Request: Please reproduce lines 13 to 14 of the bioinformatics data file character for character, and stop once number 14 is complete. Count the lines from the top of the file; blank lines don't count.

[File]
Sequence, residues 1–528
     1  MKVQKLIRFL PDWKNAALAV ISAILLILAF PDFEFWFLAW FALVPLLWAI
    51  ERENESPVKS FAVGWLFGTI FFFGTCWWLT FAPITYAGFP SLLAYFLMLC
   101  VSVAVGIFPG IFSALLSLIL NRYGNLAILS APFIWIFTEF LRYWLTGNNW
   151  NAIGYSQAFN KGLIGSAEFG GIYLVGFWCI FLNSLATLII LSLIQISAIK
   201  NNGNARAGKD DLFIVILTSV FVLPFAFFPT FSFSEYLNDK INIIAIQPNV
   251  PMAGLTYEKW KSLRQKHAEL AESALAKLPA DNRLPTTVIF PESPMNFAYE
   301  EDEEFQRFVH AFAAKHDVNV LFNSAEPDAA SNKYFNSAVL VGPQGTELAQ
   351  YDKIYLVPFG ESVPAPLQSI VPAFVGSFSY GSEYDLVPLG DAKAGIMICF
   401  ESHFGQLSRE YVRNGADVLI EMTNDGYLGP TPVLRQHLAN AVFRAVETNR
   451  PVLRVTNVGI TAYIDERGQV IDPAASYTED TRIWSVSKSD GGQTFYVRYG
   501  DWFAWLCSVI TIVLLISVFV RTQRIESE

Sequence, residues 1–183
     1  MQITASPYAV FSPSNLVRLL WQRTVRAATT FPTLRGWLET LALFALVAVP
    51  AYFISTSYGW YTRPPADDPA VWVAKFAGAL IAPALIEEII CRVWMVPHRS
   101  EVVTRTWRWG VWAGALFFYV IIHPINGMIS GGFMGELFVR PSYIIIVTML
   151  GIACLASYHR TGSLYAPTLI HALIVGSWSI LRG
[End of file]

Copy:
Sequence, residues 1–183
     1  MQITASPYAV FSPSNLVRLL WQRTVRAATT FPTLRGWLET LALFALVAVP